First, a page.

 Tom Davidoff, Director, UBC Centre for Urban Economics and Real Estate, Suander School of Business
 Dan Garrison, City of Vancouver
 Enid Slack, Director, Institute on Municipal Finance and Governance
 Claire Noble, City of Calgary

Breakout 3B: The co-operative community housing model: Still strong after 50 years
Housing co-ops offer quality, affordable, community-oriented housing to over 250,000 people in Canada and yet, there remains significant unmet demand for affordable and co-operative housing. Leaders in co-op housing from across the country explain how co-operatives are evolving to adapt to current housing market trends. They will also discuss what it will take for co-ops to remain modern and relevant moving forward.
 Moderator: Blair Hamilton, Program Manager, Manitoba, Co-operative Housing Federation
 Louis Philipe Myre, Director of Consulting Services, FECHIMM
 Christyne Lavoie, Agente de Recherche, Université de Sherbrooke
 Thom Armstrong – Executive Director, Co-operative Housing Federation of BC
Breakout 3C: Forging new partnerships: Collaboration and creativity in Indigenous housing
In the spirit of reconciliation, governments, academia, the non-profit and private sector as well as community organisations are working to build new relationships with Indigenous peoples. In this panel, we discuss ways to advance partnerships and relationships in order to improve Indigenous housing outcomes on reserve, and in urban, rural, and northern areas.Hear first-hand about the successes and challenges of these partnerships and discover creative ways of tackling complex housing issues.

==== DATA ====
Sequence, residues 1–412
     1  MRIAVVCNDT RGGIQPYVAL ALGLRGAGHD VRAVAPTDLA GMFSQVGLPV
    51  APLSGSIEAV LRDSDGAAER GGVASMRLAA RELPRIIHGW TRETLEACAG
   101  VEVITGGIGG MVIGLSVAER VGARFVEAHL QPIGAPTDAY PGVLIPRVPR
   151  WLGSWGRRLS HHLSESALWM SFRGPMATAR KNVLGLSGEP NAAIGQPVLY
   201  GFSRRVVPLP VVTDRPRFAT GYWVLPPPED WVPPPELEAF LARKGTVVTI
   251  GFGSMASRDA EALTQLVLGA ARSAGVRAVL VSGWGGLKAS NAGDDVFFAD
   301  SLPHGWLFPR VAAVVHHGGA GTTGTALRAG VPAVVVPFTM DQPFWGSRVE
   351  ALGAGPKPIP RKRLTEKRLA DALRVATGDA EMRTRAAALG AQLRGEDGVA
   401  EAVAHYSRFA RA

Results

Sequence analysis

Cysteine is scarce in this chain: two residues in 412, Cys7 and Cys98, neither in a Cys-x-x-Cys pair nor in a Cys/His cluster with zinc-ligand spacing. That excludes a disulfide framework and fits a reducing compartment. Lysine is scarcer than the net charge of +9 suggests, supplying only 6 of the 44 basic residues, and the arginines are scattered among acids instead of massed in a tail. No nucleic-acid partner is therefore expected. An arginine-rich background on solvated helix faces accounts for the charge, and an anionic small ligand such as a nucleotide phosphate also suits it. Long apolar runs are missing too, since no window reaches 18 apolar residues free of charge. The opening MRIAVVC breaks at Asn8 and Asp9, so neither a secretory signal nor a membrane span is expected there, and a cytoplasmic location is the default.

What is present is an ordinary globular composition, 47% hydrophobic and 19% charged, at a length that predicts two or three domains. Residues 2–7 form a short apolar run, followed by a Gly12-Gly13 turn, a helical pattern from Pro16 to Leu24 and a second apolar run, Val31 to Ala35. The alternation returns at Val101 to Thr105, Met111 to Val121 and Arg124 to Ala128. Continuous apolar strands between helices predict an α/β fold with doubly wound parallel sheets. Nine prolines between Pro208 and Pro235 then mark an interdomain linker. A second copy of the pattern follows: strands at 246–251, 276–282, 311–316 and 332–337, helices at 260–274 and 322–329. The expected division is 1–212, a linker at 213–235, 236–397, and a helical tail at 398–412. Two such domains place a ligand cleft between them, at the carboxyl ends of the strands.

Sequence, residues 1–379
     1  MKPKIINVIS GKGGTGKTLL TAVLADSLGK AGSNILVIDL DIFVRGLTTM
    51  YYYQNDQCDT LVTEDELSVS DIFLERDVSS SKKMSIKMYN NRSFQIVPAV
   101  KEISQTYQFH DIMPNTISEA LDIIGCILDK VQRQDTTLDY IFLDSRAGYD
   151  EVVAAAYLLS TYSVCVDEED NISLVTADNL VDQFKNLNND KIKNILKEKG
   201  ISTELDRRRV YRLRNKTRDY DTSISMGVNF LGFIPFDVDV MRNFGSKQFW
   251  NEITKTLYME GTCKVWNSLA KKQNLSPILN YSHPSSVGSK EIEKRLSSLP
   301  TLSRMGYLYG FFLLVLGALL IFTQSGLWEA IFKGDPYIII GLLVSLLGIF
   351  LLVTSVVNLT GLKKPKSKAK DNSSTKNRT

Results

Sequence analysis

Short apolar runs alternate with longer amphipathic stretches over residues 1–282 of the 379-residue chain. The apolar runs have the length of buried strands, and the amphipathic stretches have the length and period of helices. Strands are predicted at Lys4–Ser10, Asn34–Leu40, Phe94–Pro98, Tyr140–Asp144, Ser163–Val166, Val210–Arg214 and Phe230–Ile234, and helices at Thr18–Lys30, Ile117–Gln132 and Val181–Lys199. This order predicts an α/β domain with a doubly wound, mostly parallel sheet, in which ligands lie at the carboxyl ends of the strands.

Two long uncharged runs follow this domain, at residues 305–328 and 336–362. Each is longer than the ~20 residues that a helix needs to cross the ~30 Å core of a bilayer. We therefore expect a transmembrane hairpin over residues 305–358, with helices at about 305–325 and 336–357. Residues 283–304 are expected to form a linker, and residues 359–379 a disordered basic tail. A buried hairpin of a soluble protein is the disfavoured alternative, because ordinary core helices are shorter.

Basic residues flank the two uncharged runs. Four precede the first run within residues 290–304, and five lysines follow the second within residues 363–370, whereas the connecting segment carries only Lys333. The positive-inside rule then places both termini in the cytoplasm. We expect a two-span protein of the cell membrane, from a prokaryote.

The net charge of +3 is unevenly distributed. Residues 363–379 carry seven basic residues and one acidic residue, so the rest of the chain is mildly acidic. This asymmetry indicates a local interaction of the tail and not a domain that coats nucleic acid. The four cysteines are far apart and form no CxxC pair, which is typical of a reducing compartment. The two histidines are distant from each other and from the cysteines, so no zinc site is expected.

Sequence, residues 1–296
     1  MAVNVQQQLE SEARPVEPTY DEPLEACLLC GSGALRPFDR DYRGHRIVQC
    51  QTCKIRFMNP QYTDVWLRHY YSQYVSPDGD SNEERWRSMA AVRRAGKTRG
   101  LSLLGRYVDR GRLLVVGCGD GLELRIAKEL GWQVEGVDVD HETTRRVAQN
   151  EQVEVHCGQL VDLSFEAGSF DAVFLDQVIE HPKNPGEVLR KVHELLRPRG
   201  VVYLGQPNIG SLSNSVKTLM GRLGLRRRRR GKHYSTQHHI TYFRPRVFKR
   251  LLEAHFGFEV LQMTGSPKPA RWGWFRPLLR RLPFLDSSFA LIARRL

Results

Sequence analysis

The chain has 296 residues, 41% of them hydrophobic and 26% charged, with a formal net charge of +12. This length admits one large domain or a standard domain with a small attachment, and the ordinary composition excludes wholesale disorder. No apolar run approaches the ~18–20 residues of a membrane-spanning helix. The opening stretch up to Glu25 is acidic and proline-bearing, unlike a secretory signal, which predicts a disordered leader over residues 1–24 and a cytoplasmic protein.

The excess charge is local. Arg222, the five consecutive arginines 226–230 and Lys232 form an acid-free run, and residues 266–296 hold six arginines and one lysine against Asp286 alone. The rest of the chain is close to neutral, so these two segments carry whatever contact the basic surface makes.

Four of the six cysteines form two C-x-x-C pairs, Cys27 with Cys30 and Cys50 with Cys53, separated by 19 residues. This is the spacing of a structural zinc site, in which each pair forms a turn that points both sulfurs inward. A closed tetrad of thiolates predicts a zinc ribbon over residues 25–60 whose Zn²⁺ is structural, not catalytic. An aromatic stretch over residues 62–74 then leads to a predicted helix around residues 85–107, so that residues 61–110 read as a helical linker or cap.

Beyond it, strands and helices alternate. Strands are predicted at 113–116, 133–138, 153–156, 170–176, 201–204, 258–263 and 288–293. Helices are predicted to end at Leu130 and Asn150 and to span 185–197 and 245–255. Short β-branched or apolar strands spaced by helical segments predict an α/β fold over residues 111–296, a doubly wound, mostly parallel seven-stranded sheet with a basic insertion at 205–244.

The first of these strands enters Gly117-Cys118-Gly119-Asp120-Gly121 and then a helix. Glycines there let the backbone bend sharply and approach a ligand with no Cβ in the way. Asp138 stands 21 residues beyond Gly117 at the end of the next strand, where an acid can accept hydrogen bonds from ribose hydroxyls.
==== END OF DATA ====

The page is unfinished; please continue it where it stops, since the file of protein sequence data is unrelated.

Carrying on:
 Moderator: Trina Wall, CMHC
 Shirley Thompson, Associate Professor, University of Manitoba
 Carolynn Constant, Mino Bimaadiziwin Partnership
 Alex Wilson, Academic Director of the Aboriginal Education Research Centre, University of Saskatchewan + co-presenter
 Nancy Martin Executive Director, Miziwe Biik
 Ricky Houghton, CEO, He Korowai Trust, Kaitaia, New Zealand
 Robert Buyers, President and Chief Executive Officer, Namerind Housing Corporation, Regina

Breakout 3D: Building an affordable future for rental housing
For the first time in over four decades, levels of homeownership in Canada have been declining. Demand for ownership is being outpaced by growing demand for rental housing, which is pushing rents higher and deepening housing affordability woes. Hear from experts as they provide a better understanding of the different factors influencing affordability issues and discuss the potential role of policy in contributing to solutions.
 Moderator: Simplice Nono, CMHC
 Brian Clifford, BC Non-Profit Housing Association, Vancouver
 Catherine Leviten-Reid, Cape Breton University, Nova Scotia
 Nathanael Lauster, University of British Columbia